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Ex vivo treatment with inhaled N-acetylcysteine in porcine lung transplantation


Yamada, Yoshito; Iskender, Ilker; Arni, Stephan; Hillinger, Sven; Cosgun, Tugba; Yu, Keke; Jungraithmayr, Wolfgang; Cesarovic, Nikola; Weder, Walter; Inci, Ilhan (2017). Ex vivo treatment with inhaled N-acetylcysteine in porcine lung transplantation. Journal of Surgical Research, 218:341-347.

Abstract

BACKGROUND We have shown the beneficial effects of N-acetylcysteine (NAC) on posttransplant lung function, when both donor and recipient were pretreated intravenously. However, systemic treatment of multiorgan donors may not be clinically relevant. Thus, we hypothesized that ex vivo treatment of donors with nebulized NAC would be adequate to prevent from ischemia-reperfusion injury after lung transplantation. METHODS Lungs were retrieved from domestic pigs and stored at 4°C for 24 h followed by 2 h of ex vivo lung perfusion (EVLP) to administer 50 mg/kg of NAC via nebulization in the NAC group (n = 6). The control group received nebulized saline (n = 5). Left lungs were transplanted and isolated at 1 h of reperfusion by occluding the right main bronchus and pulmonary artery, followed by 5 h of observation. Physiological data during EVLP and after reperfusion were recorded. Inflammatory response, markers of oxidative stress, and microscopic lung injury were analyzed. RESULTS There was a trend toward better oxygenation throughout reperfusion period in the treatment group, which was accompanied by inhibited inflammatory response related to reduction in myeloperoxidase activity during EVLP and nuclear factor-κB activation at the end of reperfusion. CONCLUSIONS Ex vivo treatment of donor lungs with inhaled NAC reduced inflammatory response via its antioxidant activity in experimental porcine lung transplantation.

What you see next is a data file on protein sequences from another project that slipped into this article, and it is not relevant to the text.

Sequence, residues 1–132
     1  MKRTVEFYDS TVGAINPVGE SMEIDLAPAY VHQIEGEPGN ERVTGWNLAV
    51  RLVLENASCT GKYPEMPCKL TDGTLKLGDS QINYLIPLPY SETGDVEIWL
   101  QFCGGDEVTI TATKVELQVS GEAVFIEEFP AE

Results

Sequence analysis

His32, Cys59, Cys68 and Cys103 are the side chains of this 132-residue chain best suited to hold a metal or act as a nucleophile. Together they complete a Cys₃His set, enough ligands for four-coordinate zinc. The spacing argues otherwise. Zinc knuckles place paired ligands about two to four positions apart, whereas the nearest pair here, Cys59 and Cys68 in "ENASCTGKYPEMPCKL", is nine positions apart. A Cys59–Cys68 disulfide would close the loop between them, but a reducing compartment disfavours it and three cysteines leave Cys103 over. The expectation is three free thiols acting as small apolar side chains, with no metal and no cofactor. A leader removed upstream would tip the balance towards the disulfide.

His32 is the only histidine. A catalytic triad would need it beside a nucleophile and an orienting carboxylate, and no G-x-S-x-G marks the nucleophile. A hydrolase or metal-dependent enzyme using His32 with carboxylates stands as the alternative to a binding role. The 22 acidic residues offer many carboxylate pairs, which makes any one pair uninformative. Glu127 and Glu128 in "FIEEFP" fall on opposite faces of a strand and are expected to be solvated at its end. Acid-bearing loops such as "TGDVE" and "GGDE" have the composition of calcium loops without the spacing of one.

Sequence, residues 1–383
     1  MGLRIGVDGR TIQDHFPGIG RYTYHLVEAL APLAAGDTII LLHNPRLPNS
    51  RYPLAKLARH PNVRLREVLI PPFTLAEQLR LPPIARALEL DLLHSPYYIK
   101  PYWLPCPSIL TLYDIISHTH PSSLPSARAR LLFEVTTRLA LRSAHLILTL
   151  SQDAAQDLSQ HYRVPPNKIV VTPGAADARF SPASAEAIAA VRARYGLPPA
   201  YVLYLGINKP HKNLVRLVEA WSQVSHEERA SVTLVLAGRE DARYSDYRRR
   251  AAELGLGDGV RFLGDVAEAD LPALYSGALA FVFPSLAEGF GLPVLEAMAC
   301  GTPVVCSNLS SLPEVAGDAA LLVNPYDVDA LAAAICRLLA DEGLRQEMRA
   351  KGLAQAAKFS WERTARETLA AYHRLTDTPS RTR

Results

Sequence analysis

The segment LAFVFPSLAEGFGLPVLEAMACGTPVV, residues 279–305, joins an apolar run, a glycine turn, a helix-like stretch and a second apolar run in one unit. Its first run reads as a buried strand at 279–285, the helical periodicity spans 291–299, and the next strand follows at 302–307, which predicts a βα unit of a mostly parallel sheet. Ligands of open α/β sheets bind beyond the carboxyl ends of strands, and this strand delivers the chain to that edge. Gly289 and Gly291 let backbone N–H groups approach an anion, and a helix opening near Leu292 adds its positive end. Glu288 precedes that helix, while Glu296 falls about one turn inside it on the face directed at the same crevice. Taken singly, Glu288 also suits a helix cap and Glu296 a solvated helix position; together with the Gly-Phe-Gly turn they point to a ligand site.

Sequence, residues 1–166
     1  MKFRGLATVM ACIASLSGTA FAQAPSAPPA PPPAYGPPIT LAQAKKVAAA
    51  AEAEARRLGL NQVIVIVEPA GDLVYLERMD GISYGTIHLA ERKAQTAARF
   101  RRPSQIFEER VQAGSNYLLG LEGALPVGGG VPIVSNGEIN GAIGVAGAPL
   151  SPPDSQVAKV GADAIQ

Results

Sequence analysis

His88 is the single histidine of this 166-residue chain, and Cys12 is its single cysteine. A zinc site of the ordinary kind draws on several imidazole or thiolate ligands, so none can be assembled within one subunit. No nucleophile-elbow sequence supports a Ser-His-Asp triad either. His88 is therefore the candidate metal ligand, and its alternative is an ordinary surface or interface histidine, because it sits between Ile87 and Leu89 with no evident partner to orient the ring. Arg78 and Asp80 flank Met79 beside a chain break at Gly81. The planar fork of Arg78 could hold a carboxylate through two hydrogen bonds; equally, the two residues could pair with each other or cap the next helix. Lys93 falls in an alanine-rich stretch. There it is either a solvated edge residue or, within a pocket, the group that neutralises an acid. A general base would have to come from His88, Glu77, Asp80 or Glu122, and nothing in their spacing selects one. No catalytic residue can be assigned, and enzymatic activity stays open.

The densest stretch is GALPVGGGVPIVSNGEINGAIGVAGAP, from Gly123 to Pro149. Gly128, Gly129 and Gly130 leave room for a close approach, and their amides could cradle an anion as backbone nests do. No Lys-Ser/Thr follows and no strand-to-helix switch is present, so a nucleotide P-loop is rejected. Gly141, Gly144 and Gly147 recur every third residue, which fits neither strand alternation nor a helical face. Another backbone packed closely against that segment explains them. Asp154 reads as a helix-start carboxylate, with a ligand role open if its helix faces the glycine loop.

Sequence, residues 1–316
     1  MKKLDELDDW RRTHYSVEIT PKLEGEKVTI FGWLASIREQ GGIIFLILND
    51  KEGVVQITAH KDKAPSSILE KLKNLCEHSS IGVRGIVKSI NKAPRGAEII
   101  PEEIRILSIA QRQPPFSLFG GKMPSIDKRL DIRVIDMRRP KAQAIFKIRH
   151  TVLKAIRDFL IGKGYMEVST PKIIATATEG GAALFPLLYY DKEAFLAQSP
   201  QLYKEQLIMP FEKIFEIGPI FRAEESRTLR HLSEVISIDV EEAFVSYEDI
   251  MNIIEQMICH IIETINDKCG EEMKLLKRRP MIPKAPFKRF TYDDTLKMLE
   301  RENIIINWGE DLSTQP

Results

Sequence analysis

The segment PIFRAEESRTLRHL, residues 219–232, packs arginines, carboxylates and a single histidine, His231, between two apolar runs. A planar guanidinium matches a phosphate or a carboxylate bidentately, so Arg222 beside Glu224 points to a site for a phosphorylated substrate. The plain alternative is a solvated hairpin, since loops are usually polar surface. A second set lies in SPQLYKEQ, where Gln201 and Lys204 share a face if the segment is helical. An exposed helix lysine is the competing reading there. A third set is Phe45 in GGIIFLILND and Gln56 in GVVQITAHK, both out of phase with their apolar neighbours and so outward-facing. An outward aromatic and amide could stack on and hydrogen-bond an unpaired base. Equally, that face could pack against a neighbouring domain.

Abstract

BACKGROUND We have shown the beneficial effects of N-acetylcysteine (NAC) on posttransplant lung function, when both donor and recipient were pretreated intravenously. However, systemic treatment of multiorgan donors may not be clinically relevant. Thus, we hypothesized that ex vivo treatment of donors with nebulized NAC would be adequate to prevent from ischemia-reperfusion injury after lung transplantation. METHODS Lungs were retrieved from domestic pigs and stored at 4°C for 24 h followed by 2 h of ex vivo lung perfusion (EVLP) to administer 50 mg/kg of NAC via nebulization in the NAC group (n = 6). The control group received nebulized saline (n = 5). Left lungs were transplanted and isolated at 1 h of reperfusion by occluding the right main bronchus and pulmonary artery, followed by 5 h of observation. Physiological data during EVLP and after reperfusion were recorded. Inflammatory response, markers of oxidative stress, and microscopic lung injury were analyzed. RESULTS There was a trend toward better oxygenation throughout reperfusion period in the treatment group, which was accompanied by inhibited inflammatory response related to reduction in myeloperoxidase activity during EVLP and nuclear factor-κB activation at the end of reperfusion. CONCLUSIONS Ex vivo treatment of donor lungs with inhaled NAC reduced inflammatory response via its antioxidant activity in experimental porcine lung transplantation.

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Additional indexing

Item Type:Journal Article, refereed, original work
Communities & Collections:04 Faculty of Medicine > University Hospital Zurich > Clinic for Thoracic Surgery
Dewey Decimal Classification:610 Medicine & health
Language:German
Date:October 2017
Deposited On:01 Feb 2018 08:08
Last Modified:19 Feb 2018 10:47
Publisher:Elsevier
ISSN:0022-4804
OA Status:Closed
Publisher DOI:https://doi.org/10.1016/j.jss.2017.06.061
PubMed ID:28985871

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